Raleigh eco-home shines on national show
By Danny Hooley, Staff Writer
The construction of an eco-friendly home in downtown Raleigh can be seen throughout July on “Renovation Nation” a new TV series on the Planet Green channel.
The program, starring former “This Old House” host Steve Thomas, is shown on Discovery Communications’ brand-new channel devoted to environmentalism. “Renovation Nation” shows how old homes can be remade to be more Earth-friendly.
The Raleigh home spotlighted in an episode that first aired in late June (and re-airs at noon and 3 p.m. today) belongs to Steve and Sujittra Martin, former Charlotte residents who moved with their toddler daughter into their new Raleigh home on Holden Street in January.
The Martins were looking for a house inside the Beltline last year but couldn’t find anything suitable.
Sujittra Martin says the family wanted “something small, because we are living in the city a lot, but all the space — usable space.”
Then, a Web site devoted to “green” construction led them to architect Tina Govan, now their new Holden Street neighbor.
Govan has been designing homes for 19 years with an eye toward environmental responsibility.
“It’s a way of building where you minimize the wood, and it’s just very tight and energy-efficient,” Govan says. “Luckily, there’s a demand for it now, as reality steps in.”
Govan had renovated her own 1923 bungalow in that fashion, which impressed the Martins when they visited.
“They got convinced to build this way,” Govan says.
She advised the couple to renovate, rather than to build from scratch.
“By chance, this house down the street went on the market,” Govan says. “Our intention was to take out most of it, but still leave the foundation and maybe the floor framing, and add on to it.”
That didn’t quite work out, after an engineer’s inspection of the 1950s home revealed that the foundation wasn’t up to the planned second-story addition.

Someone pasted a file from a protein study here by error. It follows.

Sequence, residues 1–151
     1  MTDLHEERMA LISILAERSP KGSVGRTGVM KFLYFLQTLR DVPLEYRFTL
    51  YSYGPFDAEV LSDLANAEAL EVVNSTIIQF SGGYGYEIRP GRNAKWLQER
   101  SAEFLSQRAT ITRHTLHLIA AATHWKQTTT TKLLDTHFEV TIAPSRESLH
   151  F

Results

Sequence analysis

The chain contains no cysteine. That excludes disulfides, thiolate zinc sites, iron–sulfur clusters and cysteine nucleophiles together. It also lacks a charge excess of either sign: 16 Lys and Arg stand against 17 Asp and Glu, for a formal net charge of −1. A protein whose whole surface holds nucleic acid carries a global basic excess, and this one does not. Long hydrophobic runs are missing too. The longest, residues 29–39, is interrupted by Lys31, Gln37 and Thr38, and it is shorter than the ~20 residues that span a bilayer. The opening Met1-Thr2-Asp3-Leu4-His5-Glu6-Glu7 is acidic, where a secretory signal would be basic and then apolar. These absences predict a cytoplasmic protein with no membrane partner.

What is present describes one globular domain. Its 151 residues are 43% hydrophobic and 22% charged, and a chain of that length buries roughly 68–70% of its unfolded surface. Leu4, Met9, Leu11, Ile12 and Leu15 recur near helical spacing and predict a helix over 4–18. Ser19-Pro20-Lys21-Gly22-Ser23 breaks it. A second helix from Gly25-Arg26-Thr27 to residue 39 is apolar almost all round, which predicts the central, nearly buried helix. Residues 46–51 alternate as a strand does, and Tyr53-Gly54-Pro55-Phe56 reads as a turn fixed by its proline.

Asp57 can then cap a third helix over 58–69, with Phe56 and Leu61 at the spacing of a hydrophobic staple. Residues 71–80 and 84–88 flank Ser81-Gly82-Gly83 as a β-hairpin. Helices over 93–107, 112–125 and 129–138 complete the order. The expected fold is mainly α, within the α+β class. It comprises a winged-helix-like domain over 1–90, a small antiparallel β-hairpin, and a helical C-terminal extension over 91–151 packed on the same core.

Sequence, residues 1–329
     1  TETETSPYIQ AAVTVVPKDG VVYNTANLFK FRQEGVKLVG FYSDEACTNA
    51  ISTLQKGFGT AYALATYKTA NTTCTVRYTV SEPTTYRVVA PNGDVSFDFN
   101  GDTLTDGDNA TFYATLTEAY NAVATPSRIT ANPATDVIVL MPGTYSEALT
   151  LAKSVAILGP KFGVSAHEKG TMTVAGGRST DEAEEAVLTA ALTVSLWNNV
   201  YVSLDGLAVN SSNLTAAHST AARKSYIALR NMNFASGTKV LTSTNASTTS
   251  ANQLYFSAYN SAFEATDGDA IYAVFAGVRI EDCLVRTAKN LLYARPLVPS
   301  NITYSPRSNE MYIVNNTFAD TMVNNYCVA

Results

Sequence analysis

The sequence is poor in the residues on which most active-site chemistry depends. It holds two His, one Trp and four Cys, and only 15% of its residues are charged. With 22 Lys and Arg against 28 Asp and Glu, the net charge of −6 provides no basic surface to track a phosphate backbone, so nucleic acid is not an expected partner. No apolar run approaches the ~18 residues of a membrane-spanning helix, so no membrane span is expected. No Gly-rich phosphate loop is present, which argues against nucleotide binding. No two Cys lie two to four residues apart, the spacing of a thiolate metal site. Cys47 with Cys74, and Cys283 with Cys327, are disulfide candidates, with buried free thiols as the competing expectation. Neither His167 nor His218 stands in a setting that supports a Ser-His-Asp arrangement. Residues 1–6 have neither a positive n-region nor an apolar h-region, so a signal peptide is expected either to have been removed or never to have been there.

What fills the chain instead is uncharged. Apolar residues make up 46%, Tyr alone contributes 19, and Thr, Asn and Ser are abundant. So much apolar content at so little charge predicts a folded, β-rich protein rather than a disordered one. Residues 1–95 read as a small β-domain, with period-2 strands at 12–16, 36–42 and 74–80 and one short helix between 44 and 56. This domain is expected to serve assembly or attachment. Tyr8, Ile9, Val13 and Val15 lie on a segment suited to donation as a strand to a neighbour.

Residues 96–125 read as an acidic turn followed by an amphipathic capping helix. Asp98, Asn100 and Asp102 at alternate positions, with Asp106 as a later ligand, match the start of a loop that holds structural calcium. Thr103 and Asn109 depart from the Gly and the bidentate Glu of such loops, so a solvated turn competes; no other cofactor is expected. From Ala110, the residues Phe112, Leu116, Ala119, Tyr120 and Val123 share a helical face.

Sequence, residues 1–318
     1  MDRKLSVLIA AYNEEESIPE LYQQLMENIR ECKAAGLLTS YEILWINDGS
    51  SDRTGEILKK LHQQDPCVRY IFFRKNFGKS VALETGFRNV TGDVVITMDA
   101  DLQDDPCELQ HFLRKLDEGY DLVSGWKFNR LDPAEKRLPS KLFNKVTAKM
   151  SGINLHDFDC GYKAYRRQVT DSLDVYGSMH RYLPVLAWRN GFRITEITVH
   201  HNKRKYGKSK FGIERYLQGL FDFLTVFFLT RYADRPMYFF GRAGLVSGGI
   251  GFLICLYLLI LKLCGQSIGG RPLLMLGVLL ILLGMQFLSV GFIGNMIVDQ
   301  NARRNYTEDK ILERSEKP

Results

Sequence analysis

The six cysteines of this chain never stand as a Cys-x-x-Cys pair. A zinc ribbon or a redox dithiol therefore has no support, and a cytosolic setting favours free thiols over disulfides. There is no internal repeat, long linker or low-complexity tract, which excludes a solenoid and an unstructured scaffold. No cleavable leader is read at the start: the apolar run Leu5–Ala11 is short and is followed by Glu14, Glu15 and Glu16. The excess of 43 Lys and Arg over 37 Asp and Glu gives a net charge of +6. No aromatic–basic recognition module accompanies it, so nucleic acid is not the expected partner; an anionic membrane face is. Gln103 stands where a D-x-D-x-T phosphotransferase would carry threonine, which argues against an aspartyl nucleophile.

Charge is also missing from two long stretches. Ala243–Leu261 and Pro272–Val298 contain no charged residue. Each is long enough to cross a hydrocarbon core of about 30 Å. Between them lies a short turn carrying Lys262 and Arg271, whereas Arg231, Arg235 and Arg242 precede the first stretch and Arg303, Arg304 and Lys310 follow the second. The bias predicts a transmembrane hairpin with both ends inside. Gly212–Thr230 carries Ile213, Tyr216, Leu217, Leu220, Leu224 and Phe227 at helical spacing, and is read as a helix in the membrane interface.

Habitat for Humanity, which reuses salvageable material, was called in to help take down the whole thing. The builders started over, using the home’s original footprint for the front. There is an L-shaped addition on the back.
“The owners didn’t want to start over from scratch,” Govan says. “They loved the design.”
Meanwhile, Mike Mathis Productions, the Los Angeles producers of “Renovation Nation,” contacted Govan. The project was chosen for three episodes set to show in July, each focusing on specific eco-friendly aspects of the home.
Those include an underground geothermal pump that heats or cools the house by exchanging heat with the earth. The exterior walls were built with structural insulated panels that are pre-fabricated, which speeds the process of building.
A huge cistern and some “crates” were installed below ground to collect runoff from the roof. The collected water is either pumped out for sprinkling the lawn, or percolated back into the ground.
Another feature uses solar power to heat tubing under the concrete flooring, which helps keep the space warm. Solar water panels heat the water used for the Martins’ shower and the dishwasher.
The roof is made of metal, and the decks were made with plastic from recycled milk jugs. Glass wall tiles behind the kitchen stove were made from beer and wine bottles and car windshields.
The building and installation were done last fall by various North Carolina businesses, including builders Home Energy Inc. in Wendell and The Splinter Group Inc in Raleigh; rainwater harvesting company BRAE of Oakboro; and Raleigh landscaper Philip Bernard.
A recent inspection found the house to be nearly airtight in terms of energy loss. Sujittra Martin says the roughly 2,600-square-foot home is a money-saver as well as an energy-saver, faring much better than the family’s old Charlotte home, or the small Raleigh condo they rented while construction was in progress.
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